European Journal of Soil Science 02/2009; 60(2):250 - 257. · 2.65 Impact Factor
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    ABSTRACT: Retardation of soil organic carbon (SOC) decay after nitrogen addition to litter or soil has been suggested in several recent studies and has been attributed to a retardation in lignin decay. With our study we tested the long-term effect of mineral nitrogen fertilization on the decay of the SOC component lignin in arable soil. To achieve this, we tracked 13C-labeled lignin and SOC in an arable soil that is part of a 36-year field experiment with two mineral nitrogen fertilization levels. We could show that nitrogen fertilization neither retarded nor enhanced the decay of old SOC or lignin over a period of 36 years, proposing that decay of lignin was less sensitive to nitrogen fertilization than previously suggested. However, for fresh biomass there were indications that lignin decay might have been enhanced by nitrogen fertilization, whereas decay of SOC was unaffected. A retardation of SOC decay due to nitrogen addition, as found in other experiments, can therefore only be explained by effects on lignin decay, if lignin was actually measured.
    Biogeosciences Discussions 01/2009; 6(1):1657-1675.
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    ABSTRACT: Retardation of soil organic carbon (SOC) decay after nitrogen addition to litter or soil has been suggested in several recent studies and has been attributed to a retardation in lignin decay. With our study we tested the long-term effect of mineral fertilization (N+P) on the decay of the SOC component lignin in arable soil. To achieve this, we tracked 13C-labeled lignin and SOC in an arable soil that is part of a 36-year field experiment (conversion from C3 to C4 crops) with two mineral fertilization levels. We could show that fertilization neither retarded nor enhanced the decay of old SOC or lignin over a period of 36 years, proposing that decay of lignin was less sensitive to fertilization than previously suggested. However, for new, C4-derived lignin there were indications that decay might have been enhanced by the fertilization treatment, whereas decay of new SOC was unaffected.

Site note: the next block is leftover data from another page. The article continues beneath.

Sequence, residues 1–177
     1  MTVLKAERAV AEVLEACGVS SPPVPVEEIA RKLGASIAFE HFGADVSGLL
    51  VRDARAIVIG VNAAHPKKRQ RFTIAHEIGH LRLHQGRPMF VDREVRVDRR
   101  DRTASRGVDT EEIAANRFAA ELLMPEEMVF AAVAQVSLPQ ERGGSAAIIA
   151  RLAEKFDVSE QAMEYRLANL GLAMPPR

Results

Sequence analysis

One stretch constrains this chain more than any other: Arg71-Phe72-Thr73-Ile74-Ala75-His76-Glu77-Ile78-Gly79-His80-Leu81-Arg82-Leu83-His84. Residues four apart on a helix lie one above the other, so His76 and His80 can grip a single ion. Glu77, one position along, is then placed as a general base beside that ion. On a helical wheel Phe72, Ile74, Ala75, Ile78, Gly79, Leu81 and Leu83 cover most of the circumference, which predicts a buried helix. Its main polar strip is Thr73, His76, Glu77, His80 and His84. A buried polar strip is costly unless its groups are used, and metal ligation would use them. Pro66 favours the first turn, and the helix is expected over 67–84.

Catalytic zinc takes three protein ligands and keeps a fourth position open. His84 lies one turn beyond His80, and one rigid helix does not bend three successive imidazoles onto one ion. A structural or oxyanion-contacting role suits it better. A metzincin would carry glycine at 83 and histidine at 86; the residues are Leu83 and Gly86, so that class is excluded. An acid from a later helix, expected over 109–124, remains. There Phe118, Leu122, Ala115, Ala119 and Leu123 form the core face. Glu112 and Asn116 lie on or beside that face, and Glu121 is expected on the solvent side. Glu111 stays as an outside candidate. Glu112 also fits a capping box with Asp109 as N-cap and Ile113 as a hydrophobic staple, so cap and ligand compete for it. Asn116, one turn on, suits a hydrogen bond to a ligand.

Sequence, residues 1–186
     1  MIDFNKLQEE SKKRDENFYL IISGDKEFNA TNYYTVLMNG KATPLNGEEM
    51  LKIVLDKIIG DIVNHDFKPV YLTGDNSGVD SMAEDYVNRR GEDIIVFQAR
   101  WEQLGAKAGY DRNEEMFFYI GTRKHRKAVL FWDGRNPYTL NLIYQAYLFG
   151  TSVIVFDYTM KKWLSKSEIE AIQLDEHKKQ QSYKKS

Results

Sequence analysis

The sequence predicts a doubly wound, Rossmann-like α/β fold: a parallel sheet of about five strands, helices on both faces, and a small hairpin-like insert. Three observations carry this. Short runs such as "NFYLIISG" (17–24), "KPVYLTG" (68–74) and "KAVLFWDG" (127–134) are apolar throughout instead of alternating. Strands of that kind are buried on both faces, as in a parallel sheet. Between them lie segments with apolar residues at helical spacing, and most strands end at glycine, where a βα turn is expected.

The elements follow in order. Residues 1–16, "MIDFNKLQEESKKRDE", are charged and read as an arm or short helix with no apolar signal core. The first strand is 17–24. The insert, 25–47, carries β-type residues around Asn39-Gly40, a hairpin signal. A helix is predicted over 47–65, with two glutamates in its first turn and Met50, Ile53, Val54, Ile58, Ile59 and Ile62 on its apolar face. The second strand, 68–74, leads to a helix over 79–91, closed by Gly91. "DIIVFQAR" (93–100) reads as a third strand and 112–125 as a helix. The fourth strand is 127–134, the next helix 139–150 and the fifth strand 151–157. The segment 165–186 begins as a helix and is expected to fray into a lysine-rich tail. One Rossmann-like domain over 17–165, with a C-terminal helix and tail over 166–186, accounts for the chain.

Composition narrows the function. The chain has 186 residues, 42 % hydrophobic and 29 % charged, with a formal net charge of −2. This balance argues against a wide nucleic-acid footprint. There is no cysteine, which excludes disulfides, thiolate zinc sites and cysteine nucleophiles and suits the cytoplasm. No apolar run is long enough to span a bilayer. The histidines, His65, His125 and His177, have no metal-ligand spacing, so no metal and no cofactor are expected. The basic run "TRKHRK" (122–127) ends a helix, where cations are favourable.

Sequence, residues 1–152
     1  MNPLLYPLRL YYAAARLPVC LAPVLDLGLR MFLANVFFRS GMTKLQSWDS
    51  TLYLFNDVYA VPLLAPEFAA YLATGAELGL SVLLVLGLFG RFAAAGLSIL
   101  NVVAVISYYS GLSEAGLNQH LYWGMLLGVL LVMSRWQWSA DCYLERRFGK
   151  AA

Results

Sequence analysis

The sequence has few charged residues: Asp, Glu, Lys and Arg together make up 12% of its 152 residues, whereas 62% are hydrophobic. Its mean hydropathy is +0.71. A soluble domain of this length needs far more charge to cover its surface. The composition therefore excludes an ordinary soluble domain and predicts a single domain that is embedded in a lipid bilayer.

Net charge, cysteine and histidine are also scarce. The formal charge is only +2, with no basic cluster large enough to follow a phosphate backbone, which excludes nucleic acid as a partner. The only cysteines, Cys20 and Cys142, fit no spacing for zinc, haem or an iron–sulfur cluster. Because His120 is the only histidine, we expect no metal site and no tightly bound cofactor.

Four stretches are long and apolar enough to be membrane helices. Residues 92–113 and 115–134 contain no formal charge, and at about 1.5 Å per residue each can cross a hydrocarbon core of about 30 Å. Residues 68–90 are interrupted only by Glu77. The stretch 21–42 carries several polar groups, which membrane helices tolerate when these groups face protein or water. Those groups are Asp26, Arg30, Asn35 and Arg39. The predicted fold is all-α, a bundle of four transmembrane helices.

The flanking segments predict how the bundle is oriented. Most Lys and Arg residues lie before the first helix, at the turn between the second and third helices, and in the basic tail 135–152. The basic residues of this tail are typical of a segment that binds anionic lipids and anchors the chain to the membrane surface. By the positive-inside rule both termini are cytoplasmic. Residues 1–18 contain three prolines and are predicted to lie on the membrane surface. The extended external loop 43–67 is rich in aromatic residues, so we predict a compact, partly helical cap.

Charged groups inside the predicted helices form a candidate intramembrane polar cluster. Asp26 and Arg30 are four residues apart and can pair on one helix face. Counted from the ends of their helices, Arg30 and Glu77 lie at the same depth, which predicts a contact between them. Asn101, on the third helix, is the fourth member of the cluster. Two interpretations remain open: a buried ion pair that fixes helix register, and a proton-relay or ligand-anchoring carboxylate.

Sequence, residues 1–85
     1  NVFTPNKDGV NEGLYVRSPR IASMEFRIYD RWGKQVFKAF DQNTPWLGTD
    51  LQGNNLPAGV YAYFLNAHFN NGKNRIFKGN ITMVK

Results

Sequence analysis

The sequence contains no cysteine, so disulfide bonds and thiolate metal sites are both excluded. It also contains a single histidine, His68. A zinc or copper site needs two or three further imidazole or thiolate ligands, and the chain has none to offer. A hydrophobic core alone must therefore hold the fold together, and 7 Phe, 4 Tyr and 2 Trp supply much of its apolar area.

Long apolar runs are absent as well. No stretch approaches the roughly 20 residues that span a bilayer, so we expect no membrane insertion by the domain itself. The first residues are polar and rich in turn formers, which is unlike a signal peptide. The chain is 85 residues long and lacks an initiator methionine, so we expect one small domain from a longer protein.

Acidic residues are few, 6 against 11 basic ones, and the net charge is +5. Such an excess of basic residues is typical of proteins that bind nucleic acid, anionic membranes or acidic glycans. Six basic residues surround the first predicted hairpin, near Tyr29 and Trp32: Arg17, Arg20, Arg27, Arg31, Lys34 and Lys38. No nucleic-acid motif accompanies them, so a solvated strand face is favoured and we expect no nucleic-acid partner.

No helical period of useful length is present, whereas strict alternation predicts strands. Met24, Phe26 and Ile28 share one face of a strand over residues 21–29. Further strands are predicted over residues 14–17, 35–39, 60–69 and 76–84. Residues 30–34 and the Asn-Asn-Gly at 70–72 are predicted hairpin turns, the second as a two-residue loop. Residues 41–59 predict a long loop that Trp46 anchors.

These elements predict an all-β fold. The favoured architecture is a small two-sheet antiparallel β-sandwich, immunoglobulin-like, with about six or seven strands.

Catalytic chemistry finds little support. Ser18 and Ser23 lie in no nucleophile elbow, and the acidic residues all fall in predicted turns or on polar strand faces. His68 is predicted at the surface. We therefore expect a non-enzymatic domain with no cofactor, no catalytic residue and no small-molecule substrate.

Biogeosciences 01/2009; 6(7):1139-1148. · 3.75 Impact Factor
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    ABSTRACT: Retardation of soil organic carbon (SOC) decay after nitrogen addition to litter or soil has been suggested in several recent studies and has been attributed to a retardation in lignin decay. With our study we tested the long-term effect of mineral fertilization (N+P) on the decay of the SOC component lignin in arable soil. To achieve this, we tracked <sup>13</sup>C-labeled lignin and SOC in an arable soil that is part of a 36-year field experiment (conversion from C<sub>3</sub> to C<sub>4</sub> crops) with two mineral fertilization levels. We could show that fertilization neither retarded nor enhanced the decay of old SOC or lignin over a period of 36 years, proposing that decay of lignin was less sensitive to fertilization than previously suggested. However, for new, C<sub>4</sub>-derived lignin there were indications that decay might have been enhanced by the fertilization treatment, whereas decay of new SOC was unaffected.
    Biogeosciences. 01/2009;